WASHINGTON D.C. — Robots could one day help teach kids in classrooms, suggests research involving droids and toddlers in California.
A robot named RUBI has already shown that it can significantly improve how well infants learn words, and the latest version of the bot under development should also be able to wheel around classrooms, too.
The idea to develop RUBI came to Javier Movellan, director of the Machine Perception Laboratory at the University of California, San Diego, when he was in Japan for research involving robots and his kids were in a child care center.
"I thought, 'Let's bring robots to the child care center,’ and the children got really scared. It was a really horrible experience," Movellan recalled. "But it showed that the robots really got their attention, and that if we got the experience right, it could be potentially very powerful at evoking the emotional responses we'd want."
Movellan and his colleagues started working on RUBI in 2004. Its name is not an acronym. "My daughter, when she was 4 years old, just insisted that the robot had to be a girl," Movellan said.
The robot is about 2.5 feet (75 centimeters) high, "about the same size as the kids, to be less intimidating and improve interactions," Movellan said.
RUBI’s chest holds a video screen, and its head is equipped with cameras, microphones, audio speakers, large plastic eyes and a cheery tuft of plastic that sticks up like a bird's plume.
The researchers designed RUBI to work with 18- to 24-month-old infants. It did not survive its first experience unscathed.
"We were really excited about this beautiful robot arm we put on RUBI," Movellan said. "In two hours, the children had completely destroyed it."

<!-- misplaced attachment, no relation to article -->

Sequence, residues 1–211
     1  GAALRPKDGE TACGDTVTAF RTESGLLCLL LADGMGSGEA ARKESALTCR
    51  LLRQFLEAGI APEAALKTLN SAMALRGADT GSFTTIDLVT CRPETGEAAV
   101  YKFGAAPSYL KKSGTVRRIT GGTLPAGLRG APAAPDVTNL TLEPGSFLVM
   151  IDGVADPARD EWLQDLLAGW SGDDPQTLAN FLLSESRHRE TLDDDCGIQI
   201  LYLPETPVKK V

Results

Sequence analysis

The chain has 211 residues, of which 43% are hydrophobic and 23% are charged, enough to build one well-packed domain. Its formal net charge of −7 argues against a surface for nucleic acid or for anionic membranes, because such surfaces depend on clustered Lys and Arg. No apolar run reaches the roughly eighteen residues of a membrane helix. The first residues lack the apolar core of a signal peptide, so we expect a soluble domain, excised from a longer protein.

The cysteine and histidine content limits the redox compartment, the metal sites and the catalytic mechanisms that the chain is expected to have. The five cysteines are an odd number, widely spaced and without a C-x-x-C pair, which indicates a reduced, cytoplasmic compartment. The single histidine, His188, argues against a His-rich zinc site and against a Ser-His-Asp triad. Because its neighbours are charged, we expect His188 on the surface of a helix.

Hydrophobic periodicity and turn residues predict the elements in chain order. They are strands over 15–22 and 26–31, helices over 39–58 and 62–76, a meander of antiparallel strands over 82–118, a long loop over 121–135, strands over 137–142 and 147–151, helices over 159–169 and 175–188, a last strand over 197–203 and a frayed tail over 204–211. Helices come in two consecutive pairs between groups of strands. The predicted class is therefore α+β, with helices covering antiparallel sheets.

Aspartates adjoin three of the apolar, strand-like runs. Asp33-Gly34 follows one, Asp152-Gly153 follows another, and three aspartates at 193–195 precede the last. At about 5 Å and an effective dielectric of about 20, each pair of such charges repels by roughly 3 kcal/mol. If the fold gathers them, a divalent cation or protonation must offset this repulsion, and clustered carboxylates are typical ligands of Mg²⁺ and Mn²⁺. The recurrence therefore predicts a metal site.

In response, the scientists put sensors in for RUBI to detect any damage "and then cry when it was in danger, and the kids stopped," Movellan said. "If we wanted RUBI to teach, the first thing it had to do was survive."
The kids naturally had to want to interact with RUBI, and the best learning was seen when children spent four or more uninterrupted minutes with the robot.
"We found that subtle changes in the parameters of timing, such as motions of RUBI's head, had huge effects on the interactions we observed between children and the robot," Movellan said. When the researchers got the timing right, making it seem alive, the children followed where RUBI's gaze went and eagerly pointed in those directions.
After 12 weeks with the robot, the children’s knowledge of 10 words that RUBI taught them improved significantly, the scientists found, while the children’s knowledge of 10 words the robot did not teach failed to improve.
"Every time the kids did something right, RUBI would say, 'excellent,' and the kids would be happy, rewarding themselves by saying 'excellent' throughout the classroom," Movellan said. "Also, by learning about social interactions from a computational point of view, we can learn how to enable computers to interact with humans the way we interact with each other."
"RUBI has proven very fascinating," said educational psychologist Barbara Means at the nonprofit research institute SRI in Menlo Park, Calif., who was not involved with the project. "These are some of the most advanced technologies in learning out there right now."
Movellan emphasized the aim of such research was not to raise children using robots. "The role of RUBI is not to replace a person," he said. "It's like a pet. You buy a dog to enrich the life of children, not to replace you. Having said that, RUBI is very good at infinite patience and at remembering every single thing children have done to see how they are improving."
The scientists now are working on a fifth version of RUBI. "It'll be a big change, the first time it can move around freely on wheels," Movellan said. "It'll be able to charge by sitting on a base station, much like a Roomba. Hopefully, we'll have it by May."
Movellan detailed his findings Feb. 18 at the American Association for the Advancement of Science conference in Washington.